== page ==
Conferences Suck At Measurement!

2014.04.22_Evaluation scale by Bill Sodeman

Conference professionals suck at measurement.

If you trust your conference smile sheet evaluations as a barometer of how effective your conference education was, you are just being foolish says learning research psychologist Dr. Will Thalheimer.

Ouch! The truth hurts!

The Emptiness Of Smile Sheets Evaluations

Thalheimer points to research that the smile sheet evaluation shows a 0.9 correlation that learning occurred. That’s basically no correlation at all.

Smile sheets are not related to learning.

Smile-sheet ratings that are good don’t guarantee that the learning intervention was effective.

Smile-sheet ratings that are bad don’t necessarily mean that the learning intervention was poor. ~ Dr. Will Thalheimer.

Still, we praise and extol our conference vortex of smile sheet summaries. We hold them up to board members and future conference prospects about how successful our event was. We promote vague realities.

We don’t realize how seriously flawed our measurement is. Those happy face assessments cost us a lot as they suck the life of any quality improvement process.

Encouraging Bias Towards Entertainment

To paraphrase Thalheimer,

By only seeking attendee opinions about education sessions, we’ve created a bias toward entertainment, motivation and charisma. We fail at evaluating attendees’ true learning, remembering and application as well as the session’s content validity.

By measuring only when the attendees are in conference sessions, we can’t evaluate if the attendees remember and apply the content at work.

We can measure if the participants have immediate understanding and recall. However, our evaluations don’t measure if the session supported long-term attitude, behavior and skill change.

In short, we don’t know if they ever applied what they heard at the conference. Or if it really helped them at all.

Smile Sheet Artificial Responses

Recently I attended a conference where the organizers texted a happy face and a frown face to attendees immediately after every session, meal and reception. There was also a box to text comments. Participants were to click the appropriate face and text it back to organizers.

Wow! What type of information could that possibly provide to the conference organizers except attendee immediate gratification? That evaluation process has very little to do with conference improvement or real learning.

Usually our smile sheet evaluations fail to examine if our participants can now apply the information to their profession. We don’t even know if our conference education improves workplace performance.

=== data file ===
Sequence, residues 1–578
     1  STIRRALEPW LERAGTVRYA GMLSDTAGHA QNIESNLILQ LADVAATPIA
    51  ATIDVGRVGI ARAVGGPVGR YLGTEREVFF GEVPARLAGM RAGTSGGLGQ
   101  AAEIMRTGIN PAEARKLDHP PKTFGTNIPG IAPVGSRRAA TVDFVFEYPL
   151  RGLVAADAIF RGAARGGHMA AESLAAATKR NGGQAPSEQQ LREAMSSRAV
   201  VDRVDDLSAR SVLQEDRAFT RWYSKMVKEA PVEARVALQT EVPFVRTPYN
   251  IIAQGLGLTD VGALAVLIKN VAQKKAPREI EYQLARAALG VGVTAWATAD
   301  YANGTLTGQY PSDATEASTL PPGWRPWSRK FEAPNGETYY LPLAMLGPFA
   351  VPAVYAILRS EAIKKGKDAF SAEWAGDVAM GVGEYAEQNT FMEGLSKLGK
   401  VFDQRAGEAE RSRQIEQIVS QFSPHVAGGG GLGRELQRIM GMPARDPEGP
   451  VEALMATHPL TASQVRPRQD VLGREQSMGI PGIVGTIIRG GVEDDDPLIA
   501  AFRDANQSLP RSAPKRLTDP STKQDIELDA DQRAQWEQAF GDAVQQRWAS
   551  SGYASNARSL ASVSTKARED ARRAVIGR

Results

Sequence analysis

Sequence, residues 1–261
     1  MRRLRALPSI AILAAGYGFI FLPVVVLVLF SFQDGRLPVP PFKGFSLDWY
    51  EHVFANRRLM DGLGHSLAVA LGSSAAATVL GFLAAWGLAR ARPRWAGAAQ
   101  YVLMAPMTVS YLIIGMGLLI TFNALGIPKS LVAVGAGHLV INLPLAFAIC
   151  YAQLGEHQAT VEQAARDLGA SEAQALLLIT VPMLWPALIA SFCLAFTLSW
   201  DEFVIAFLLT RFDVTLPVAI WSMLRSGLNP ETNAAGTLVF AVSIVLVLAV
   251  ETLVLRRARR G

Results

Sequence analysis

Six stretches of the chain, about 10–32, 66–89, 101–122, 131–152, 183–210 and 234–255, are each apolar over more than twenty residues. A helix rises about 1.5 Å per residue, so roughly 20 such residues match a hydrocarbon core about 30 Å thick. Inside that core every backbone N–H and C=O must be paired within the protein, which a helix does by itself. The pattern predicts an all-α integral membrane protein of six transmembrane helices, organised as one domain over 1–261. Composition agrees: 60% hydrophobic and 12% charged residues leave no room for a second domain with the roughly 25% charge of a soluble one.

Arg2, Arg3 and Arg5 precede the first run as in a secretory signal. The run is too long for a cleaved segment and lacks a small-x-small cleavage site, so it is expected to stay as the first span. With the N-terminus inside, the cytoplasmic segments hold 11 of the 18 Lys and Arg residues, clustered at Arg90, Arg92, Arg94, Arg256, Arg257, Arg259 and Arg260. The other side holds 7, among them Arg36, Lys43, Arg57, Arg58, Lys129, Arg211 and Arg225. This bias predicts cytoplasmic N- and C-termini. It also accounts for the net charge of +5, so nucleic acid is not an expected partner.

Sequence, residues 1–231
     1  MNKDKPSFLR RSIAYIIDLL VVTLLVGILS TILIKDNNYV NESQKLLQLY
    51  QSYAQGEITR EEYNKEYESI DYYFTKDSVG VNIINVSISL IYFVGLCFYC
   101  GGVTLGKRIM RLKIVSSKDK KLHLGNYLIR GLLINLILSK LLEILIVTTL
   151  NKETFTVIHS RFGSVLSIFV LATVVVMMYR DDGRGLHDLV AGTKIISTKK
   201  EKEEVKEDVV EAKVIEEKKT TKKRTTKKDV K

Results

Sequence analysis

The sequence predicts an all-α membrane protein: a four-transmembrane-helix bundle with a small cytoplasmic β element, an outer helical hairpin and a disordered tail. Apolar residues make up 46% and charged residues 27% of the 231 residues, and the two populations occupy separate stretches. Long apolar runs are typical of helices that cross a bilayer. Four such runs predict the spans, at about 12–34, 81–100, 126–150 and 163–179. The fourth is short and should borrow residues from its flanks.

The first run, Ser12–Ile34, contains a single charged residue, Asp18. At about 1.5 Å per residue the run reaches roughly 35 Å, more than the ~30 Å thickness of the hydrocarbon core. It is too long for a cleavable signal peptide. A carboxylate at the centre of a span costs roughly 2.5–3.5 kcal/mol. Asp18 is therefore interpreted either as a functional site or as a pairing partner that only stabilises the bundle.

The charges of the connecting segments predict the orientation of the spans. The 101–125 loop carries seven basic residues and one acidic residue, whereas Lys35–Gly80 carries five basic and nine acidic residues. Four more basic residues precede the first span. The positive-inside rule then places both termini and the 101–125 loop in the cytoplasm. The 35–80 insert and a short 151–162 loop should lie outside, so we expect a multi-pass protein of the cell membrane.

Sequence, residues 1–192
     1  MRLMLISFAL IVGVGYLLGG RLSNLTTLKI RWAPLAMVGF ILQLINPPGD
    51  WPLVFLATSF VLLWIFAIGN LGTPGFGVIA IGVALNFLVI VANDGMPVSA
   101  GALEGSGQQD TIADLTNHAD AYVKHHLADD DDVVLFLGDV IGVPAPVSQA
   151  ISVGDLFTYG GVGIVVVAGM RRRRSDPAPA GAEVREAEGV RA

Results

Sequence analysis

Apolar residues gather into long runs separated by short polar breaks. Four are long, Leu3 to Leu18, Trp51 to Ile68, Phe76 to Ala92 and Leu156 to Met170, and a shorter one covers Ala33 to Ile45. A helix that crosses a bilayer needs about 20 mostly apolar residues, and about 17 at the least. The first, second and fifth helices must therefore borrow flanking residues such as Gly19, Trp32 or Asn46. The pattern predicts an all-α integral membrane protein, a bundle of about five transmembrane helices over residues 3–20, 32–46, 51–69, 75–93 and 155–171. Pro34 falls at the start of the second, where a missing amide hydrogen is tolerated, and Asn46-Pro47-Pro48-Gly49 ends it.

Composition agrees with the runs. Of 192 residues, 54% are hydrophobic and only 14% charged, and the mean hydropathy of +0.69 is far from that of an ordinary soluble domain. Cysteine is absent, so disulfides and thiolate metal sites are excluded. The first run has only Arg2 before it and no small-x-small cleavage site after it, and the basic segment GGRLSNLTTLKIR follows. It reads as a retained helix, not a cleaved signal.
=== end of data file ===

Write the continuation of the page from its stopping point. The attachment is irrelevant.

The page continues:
In short, we don’t get the right attendee feedback we need to make quality conference improvements.

The Bad News

Most of us will continue to use smile sheet evaluations anyway!

It’s easier. It’s what we’ve always done. We don’t know any other ways.

Unfortunately, many conference organizers and hosts don’t care if learning occurred. They only care if their paying attendees’ walked out of the room with temporary and possible fleeting satisfaction. It’s all about the short-lived high, the cotton-candy fluff, the enjoyment of the experience.

And due to a lack of accurate information from valid evaluations, we make very poor decisions about future conference education and networking.

We’ve created a black hole of information with our current measurement procedures.

The Good News

Is there a better way? Yep! We’ll discuss better strategies in our next post.

What are some good questions you’ve seen on smile sheet evaluations that are an improvement over the tradition questions? What should conference organizers measure to help improve future conferences?

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  1. Measuring requires planning. Planning requires responding to measuring. Most humans do not like to do either. They rather thrive on inspiration and positive emotional responses, and blame their problems on things our of their control.

  2. […] conferences suck at collecting data. (Oh, were good at collecting registration and fees but that’s about […]

  3. I think asking what specific things you learned and how do you plan to apply what you learned are at least a start. I don’t know if it works for everyone, but for me, writing down an intention to do something ups the chances I actually will do it.

    I like the presenter who once had us all write down what we intended to change on a postcard we self-addressed, which he then sent to us three months down the road. You can’t necessarily measure the results that way, but it may help to jog memories and maybe get people to act on what they learned.

    Looking forward to your next post! This is a problem with pretty much all conferences I’ve been to.

  4. We’re making a run at ratings for conferences and events similar to Check out

  5. […] Recently, I wrote about how most conference organizers are really bad at measurement. […]

  6. […] actually provide adequate evaluation strategies. Some provide smile sheet strategies that are grossly biased as Dr. Will Thalheimer has proven. His research and writings show a better smile sheet strategy to […]

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